ANN KEN, District Judge.
Petitioner, an inmate in the custody of the Oregon Department of Corrections, filed a petition under 28 U.S.C. § 2254 challenging his convictions for six counts of Delivery of a Controlled Substance. Following a jury trial, petitioner was sentenced to consecutive sentences totaling 152 months of imprisonment. Exhibit 101.
Petitioner appealed his convictions, but the Oregon Court of Appeals affirmed without opinion and the Oregon Supreme Court denied review. Exhibits 103-109.
Petitioner filed a petition for post conviction relief, but the Umatilla County Circuit Court denied relief, the Oregon Court of Appeals affirmed without opinion and the Oregon Supreme Court denied review. Exhibits 115-121.
Petitioner's petition in this proceeding alleges four grounds for relief. Respondent now moves to deny relief as follows: "First, relief should be denied in Ground Three as petitioner fails to present that claim as a federal issue. Second, relief should be denied on Grounds Two, Three, and Four as these claims were not fairly presented' to Oregon's highest court and cannot now be fairly presented' to that court; thus, they are procedurally defaulted. Third, insofar as petitioner's claims were presented to the Oregon State Courts in Grounds One and Three, relief on them was denied in decisions that were neither contrary to, ' nor unreasonable applications of, ' United States Supreme Court precedent." Response to Petition (#23) p. 2.
Under 28 U.S.C. § 2254(a), federal courts may entertain applications for habeas corpus relief by state prisoners "only on the ground that he is in custody in violation of the Constitution or laws or treaties of the United States." See, Estelle v. McGuire , 502 U.S. 62, 67 (1991); Wainwright v. Goode , 464 U.S. 78, 83 (1983).
In Ground Three, petitioner alleges that the "[t]rial court denied petitioner a full and fair trial" because it denied a continuance.
Petitioner has not alleged a specific constitutional or other federal law violation in support of his claim in Ground Three and therefore, Ground Three fails to allege a claim cognizable under 28 U.S.C. § 2254.
Assuming this defect could be cured by amendment, the claim in Ground Three is barred because it is procedurally defaulted as discussed below.
Under 28 U.S.C. § 2254(b) (1), an application for a writ of habeas corpus "shall not be granted" unless "the applicant has exhausted the remedies available in the courts of the State[.]" Exhaustion occurs when a petitioner has given the state courts a "full and fair" opportunity to consider and resolve all federal claims. Keeney v. Tomayo-Reyes , 504 U.S. 1, 10 (1992). If a petitioner can present a claim to the state's Supreme Court, he must do so to properly exhaust that claim. O'Sullivan v. Boerckel , 526 U.S. 838, 844-45 (1999).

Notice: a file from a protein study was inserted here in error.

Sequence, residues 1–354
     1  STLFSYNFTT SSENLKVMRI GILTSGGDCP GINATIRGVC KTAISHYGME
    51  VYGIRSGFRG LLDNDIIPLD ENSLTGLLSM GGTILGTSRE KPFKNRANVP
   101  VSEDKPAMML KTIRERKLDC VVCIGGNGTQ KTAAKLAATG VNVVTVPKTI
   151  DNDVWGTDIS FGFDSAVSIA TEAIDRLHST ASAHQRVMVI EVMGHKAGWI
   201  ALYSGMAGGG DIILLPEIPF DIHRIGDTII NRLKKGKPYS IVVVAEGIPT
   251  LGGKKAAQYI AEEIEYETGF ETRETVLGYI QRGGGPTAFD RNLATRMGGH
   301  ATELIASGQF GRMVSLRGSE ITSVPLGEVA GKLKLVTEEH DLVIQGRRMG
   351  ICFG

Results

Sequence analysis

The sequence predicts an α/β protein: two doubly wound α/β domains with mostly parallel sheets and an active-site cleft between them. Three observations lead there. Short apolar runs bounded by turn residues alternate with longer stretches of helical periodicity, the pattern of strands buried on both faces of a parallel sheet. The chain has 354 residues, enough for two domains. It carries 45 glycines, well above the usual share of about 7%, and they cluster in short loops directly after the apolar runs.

To "fairly present" a federal claim in state court, habeas petitioners must "include reference to a specific federal constitutional guarantee, as well as a statement of facts that entitle the petitioner to relief." Gray v. Netherland , 518 U.S. 152, 162-63 (1996).; see also, Castillo v. McFadden , 399 F.3d 993, 1000 (9th Cir. 2005); see also, Insyxiengmay v. Morgan , 403 F.3d 657, 668 (9th Cir. 2005) ("In [the Ninth Circuit], a petitioner must make the federal basis of the claim explicit either by specifying particular provisions of the federal Constitution or statutes, or by citing to federal case law."); Hiivala v. Wood, 195 F.3d 1098, 1106 (9th Cir. 1999) (per curiam) (holding that, when a petitioner failed to cite federal case law or mention the federal constitution in his state court briefing, he did not alert the state court to the federal nature of his claims).
Furthermore, to properly exhaust a claim the petitioner must present the federal claim to the state courts in a procedural context in which the claims' merits will be considered. Castille v. Peoples , 489 U.S. 346, 351-52 (1989); Roettgen v. Copeland , 33 F.3d 36, 38 (9th Cir. 1984; Turner v. Compoy , 827 F.2d 526, 529 (9th Cir. 1987), cert. denied, 489 U.S. 1059 (1989).
If a petitioner has failed to present a federal constitutional claim to the state's highest court ( i.e., has failed to exhaust state remedies) and can no longer do so because of a procedural bar, that claim is procedurally defaulted. Boerckel , 526 U.S. at 848, citing Coleman v. Thompson , 501 U.S. 722, 731-32 (1991). Once a petitioner has procedurally defaulted a claim, federal habeas corpus review is barred unless the petitioner can demonstrate: (1) cause for the procedural default, and (2) actual prejudice from the failure. Edwards v. Carpenter , 529 U.S. 446, 451 (2000), Coleman , 501 U.S. at 750; see also, Wainwright v. Sykes , 433 U.S. 72 (1977); Murray v. Carrier , 477 U.S. 748 (1986); Hughes v. Idaho Bd. of Corr. , 800 F.2d 905 (9th Cir. 1986).
Cause for a procedural default exists only if petitioners "show that some objective factor external to the defense impeded counsel's efforts to comply with the State's procedural rule." Murray, 477 U.S. at 488. Prejudice exists only if petitioners show that the procedural default "worked to [petitioner's] actual and substantial disadvantage." United States v. Frady ...